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A UNESCO World Heritage site, the Patan Durbar Sqaure is one of its three kinds in the Kathmandu Valley. Housing numerous Buddhist and Hindu temples, shrines and historic structures, the Patan Durbar Square is a unique blend of the predominant Nepali religions.Each of the structures on the Durbar Patan Square are spectacular specimens of the Newari architecture. There are some old Newari houses on the complex as well. Together, this concentration of ancient buildings and temples is among the best authentic displays of Nepal’s history, art, architecture and culture.
During the 578 years of their rule, Kathmandu Valley saw an immense upheaval in terms of Newari art and culture - the native community of Nepal to which the Mallas belonged. Among the many constructions, the Durbar Square adjacent to the palatial residence of the kings in Patan is undoubtedly the finest.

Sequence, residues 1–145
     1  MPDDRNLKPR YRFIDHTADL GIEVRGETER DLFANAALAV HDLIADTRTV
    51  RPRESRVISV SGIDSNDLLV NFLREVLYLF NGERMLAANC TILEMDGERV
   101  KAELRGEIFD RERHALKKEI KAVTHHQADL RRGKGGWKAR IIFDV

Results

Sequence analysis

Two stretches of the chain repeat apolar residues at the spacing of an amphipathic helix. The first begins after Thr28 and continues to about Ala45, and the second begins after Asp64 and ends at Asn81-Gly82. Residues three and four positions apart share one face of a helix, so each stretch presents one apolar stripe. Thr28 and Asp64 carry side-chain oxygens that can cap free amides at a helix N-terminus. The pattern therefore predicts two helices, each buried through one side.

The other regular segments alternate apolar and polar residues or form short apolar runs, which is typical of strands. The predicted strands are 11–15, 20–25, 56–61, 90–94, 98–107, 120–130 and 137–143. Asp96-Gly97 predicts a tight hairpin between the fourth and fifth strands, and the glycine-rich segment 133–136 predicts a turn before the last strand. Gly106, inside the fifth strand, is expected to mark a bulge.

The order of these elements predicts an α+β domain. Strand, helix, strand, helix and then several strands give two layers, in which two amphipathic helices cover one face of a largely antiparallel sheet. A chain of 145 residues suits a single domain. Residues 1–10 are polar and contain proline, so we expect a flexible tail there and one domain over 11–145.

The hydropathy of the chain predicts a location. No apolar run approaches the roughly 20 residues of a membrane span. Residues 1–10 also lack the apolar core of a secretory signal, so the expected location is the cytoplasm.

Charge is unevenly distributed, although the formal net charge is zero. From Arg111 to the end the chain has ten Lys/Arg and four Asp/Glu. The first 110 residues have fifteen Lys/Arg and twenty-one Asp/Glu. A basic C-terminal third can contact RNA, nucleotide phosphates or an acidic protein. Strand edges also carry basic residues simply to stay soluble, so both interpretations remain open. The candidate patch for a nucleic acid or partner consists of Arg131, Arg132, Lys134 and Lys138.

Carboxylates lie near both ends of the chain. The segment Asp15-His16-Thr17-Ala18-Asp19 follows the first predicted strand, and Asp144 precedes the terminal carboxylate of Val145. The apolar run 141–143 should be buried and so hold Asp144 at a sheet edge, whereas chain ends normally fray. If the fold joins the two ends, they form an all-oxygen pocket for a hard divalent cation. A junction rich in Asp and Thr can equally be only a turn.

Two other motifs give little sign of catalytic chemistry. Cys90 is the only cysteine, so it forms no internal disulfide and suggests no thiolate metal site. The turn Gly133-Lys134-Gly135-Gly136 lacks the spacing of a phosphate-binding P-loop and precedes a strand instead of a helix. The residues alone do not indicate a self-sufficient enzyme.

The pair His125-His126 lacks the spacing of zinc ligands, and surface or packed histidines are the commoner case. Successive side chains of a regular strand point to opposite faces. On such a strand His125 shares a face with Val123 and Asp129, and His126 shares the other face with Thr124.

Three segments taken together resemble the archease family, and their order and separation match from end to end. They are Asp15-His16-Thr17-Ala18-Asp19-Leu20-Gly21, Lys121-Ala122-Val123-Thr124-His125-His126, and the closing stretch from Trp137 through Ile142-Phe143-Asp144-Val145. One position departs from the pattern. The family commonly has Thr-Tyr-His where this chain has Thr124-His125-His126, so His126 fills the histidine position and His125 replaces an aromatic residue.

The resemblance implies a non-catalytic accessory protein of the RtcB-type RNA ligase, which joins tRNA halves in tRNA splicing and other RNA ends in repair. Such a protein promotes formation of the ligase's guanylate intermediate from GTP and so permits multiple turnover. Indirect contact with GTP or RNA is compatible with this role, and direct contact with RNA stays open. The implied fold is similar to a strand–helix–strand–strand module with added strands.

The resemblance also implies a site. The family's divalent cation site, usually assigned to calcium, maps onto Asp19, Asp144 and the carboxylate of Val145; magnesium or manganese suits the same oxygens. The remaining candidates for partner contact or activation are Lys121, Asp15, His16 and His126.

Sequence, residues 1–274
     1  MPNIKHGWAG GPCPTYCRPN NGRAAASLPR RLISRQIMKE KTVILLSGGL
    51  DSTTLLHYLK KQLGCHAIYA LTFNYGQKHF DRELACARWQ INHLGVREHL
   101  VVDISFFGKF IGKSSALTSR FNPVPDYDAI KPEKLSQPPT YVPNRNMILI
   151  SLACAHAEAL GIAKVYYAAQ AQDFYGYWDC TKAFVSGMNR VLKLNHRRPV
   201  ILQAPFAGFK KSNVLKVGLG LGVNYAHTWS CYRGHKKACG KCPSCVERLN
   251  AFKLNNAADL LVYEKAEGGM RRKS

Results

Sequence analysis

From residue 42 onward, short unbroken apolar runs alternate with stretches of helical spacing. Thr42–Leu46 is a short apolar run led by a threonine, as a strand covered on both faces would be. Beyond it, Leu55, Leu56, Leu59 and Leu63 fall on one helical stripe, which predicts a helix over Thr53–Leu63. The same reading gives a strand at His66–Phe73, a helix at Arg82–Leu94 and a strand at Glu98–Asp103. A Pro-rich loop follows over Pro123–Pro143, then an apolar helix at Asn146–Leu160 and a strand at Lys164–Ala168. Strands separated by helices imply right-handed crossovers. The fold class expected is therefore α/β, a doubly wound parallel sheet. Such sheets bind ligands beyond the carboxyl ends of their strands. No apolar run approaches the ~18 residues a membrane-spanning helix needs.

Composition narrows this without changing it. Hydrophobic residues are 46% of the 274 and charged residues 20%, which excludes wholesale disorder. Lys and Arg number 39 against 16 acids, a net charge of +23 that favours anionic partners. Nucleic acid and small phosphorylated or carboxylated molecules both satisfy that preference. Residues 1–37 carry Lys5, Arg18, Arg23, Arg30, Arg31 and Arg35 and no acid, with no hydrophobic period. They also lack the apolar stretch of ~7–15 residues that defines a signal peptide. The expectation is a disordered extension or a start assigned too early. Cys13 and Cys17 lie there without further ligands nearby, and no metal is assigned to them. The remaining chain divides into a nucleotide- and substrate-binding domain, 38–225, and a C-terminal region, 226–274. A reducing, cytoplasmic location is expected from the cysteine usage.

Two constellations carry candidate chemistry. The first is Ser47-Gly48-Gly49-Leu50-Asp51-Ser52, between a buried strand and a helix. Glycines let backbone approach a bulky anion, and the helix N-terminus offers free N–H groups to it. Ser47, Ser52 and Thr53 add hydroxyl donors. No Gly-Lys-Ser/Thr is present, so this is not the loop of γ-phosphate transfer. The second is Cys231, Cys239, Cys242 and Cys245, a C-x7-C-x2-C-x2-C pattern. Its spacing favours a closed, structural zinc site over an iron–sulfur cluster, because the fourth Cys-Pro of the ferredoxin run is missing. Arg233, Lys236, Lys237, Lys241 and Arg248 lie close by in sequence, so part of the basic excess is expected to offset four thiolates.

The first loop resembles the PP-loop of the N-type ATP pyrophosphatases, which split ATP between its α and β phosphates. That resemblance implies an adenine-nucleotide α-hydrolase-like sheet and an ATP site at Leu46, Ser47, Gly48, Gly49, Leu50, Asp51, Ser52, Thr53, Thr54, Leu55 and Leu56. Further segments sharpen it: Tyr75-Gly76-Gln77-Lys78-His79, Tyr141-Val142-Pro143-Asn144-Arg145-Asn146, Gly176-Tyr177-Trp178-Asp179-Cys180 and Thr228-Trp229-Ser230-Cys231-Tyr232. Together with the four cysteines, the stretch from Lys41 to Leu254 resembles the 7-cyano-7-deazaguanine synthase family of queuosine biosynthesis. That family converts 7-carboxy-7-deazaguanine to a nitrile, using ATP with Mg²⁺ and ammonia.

A significant shrine dedicated to Lord Krishna, the Krishna Mandir owes its existence to a dream that King Siddhi Narsingh Malla had of the Lord standing in front of his palace. He then ordered the construction of the temple at the same spot he saw him standing. The temple houses a statue of Lord Krishna in the ground floor with his consorts, Srimati Radha and Queen Rukmini on either side. The next level has a sanctum for Lord Shiva, and the topmost floor is dedicated to Lokeshwara or Avalokiteshvara - the collective Buddha consciousness. The beams along the tiers of the temple tell the stories of Mahabharata and Ramayana carved onto the stone intricately.
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